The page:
The Independent

Muslim community attacked by viral post on social media

Sarahy Lopez, News editor

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Several letters stated April 3  would be “Punish a Muslim Day”. They were sent out anonymously to various Muslim communities throughout late March in the United Kingdom.

The letter read, “They have hurt you, they have made your loved ones suffer. They have caused you pain and heartache. What are you going to do about it? Are you a ‘sheep’? Only you can turn this thing around, only you have the power. Do not be a sheep!”

Below the description contained a point-based system that “awarded” attackers of the Muslim community, such as 10 points for verbally abusing a Muslim; 25 points for physically attacking and pulling off the head-scarf of a Muslim woman and 500 points for murdering a Muslim with any weapon.

The letters were posted to social media, where many shared their concerns and thoughts on them, and the letters were shared worldwide.

NEIU President of the Muslim Student Association Nida Kidwai noticed the post on social media after her Muslim friends shared it on various platforms. She was shocked when she initially first read the letter and the point system.

“I had Muslim friends and colleagues asking me if it’s even safe for us to be going to school on that day or week,” Kidwai said. “I reached out to a couple people who reported to the NEIU police on behalf of us. (The police) responded quickly, reassuring us that not only was there no threat here in our community but that the officers will be doing extra patrols on and around campus.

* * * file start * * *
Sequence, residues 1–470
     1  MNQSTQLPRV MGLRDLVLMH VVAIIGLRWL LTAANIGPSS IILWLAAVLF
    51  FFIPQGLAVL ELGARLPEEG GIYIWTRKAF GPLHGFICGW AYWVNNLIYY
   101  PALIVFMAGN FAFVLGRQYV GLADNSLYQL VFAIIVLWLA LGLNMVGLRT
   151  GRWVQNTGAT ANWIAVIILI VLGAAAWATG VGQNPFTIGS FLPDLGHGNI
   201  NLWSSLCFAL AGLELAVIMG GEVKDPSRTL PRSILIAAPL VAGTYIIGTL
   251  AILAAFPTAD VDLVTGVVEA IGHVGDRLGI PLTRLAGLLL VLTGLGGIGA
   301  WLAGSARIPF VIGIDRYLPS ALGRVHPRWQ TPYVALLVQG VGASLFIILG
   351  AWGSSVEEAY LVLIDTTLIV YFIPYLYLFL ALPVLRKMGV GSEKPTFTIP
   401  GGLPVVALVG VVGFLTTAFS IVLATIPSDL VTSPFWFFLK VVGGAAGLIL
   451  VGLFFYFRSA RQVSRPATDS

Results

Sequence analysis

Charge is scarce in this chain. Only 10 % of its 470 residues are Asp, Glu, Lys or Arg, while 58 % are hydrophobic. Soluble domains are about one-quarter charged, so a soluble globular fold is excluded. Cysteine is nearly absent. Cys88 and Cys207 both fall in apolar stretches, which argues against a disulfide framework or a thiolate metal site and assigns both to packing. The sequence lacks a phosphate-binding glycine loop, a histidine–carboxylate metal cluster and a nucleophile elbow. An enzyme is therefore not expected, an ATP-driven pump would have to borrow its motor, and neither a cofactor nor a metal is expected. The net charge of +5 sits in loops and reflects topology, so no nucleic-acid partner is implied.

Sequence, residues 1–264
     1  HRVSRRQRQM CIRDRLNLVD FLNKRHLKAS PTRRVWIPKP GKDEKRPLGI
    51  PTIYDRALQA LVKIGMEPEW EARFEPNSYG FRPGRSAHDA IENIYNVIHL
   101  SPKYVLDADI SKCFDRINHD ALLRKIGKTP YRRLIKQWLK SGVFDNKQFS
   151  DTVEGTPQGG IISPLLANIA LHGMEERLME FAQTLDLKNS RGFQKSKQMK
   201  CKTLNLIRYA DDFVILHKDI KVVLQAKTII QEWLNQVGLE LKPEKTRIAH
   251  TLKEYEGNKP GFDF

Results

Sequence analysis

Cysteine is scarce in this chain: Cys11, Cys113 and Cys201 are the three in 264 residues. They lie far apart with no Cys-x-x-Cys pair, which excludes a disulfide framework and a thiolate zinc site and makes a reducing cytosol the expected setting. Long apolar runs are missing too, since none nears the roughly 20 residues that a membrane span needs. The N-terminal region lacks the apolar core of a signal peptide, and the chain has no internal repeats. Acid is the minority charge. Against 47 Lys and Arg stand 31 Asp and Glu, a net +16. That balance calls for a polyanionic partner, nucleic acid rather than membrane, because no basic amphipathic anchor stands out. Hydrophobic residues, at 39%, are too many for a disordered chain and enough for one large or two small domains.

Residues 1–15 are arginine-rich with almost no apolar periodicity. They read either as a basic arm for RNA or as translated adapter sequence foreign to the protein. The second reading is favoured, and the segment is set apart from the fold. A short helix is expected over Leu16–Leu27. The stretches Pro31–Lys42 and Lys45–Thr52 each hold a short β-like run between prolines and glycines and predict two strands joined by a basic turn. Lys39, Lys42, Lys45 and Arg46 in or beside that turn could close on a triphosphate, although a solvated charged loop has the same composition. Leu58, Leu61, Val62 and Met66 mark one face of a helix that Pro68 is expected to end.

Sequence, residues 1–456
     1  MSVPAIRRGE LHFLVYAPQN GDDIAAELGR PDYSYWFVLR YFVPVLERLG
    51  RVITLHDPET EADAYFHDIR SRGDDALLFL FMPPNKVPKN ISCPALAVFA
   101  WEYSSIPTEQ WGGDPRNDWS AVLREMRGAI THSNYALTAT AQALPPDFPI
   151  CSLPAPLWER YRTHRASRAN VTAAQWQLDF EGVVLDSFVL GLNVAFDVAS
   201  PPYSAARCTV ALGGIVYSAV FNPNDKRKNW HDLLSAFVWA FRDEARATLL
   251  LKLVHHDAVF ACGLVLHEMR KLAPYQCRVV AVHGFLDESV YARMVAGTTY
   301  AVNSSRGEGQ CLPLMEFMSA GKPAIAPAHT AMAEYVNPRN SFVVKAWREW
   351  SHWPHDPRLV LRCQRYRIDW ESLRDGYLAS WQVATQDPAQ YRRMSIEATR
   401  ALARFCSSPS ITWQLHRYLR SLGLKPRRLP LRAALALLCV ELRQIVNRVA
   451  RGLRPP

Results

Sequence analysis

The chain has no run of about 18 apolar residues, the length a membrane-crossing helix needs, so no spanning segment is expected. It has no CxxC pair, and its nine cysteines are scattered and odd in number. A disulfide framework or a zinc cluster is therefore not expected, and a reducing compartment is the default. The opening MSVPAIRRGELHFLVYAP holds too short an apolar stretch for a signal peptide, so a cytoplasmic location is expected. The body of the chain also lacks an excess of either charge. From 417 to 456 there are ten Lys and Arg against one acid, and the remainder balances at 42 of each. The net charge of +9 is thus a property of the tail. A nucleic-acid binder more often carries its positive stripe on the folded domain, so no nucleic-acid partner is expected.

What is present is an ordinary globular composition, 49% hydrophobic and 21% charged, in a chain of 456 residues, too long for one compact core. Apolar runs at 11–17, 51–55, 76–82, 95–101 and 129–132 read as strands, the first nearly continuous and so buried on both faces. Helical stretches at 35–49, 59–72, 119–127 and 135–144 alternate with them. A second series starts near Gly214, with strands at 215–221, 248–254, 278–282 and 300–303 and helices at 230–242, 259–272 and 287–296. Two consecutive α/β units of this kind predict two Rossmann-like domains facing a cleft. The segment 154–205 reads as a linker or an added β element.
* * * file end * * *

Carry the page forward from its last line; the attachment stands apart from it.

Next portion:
“This definitely made me feel slightly safer. I was slightly on edge and very alert constantly watching my back from the school parking lot as I walked to the BBH building. Along the way, I was greeted by a smiling officer. This made me feel much more at ease,” Kidwai said.

“I’m very glad to be a part of this NEIU community who not only supports our diverse students but also protects each one of us equally,” she concluded.

On the Muslim Student Association (MSA) Instagram page, the group wrote “Muslims on campus: stay aware, travel with a buddy and say your prayers for protection. Take out some time to get to know your NEIUPD, as they are here for your safety.”

NEIU Chief of Police John Escalante told the MSA, “We are aware of the letter circulating on social media. The Illinois State Police (ISP) advised all police agencies within the state of this letter on Friday. I can assure you based on the latest information provided by both the ISP and the Chicago Police Department’s Crime Prevention and Information Center (CPIC) there are no credible threats in the state or Chicago area.

“A similar letter was sent via social media in May 2017 but did not get as much attention. ISP and CPIC are monitoring the situation and if they deem there are threats to any community in the State they will provide us with that update,” Escalante said.

“As far as what the NEIUPD can do for our NEIU community, we can certainly provide a more visible presence on campus and pay special attention to any classes or meetings the MSA would like to see a police officer,” he said.

Escalante was not able to provide comment before the publication of this article.

Further inquiries and concerns should be sent to NEIU campus police. The NEIUPD website also has more information on services that campus police can provide for students.

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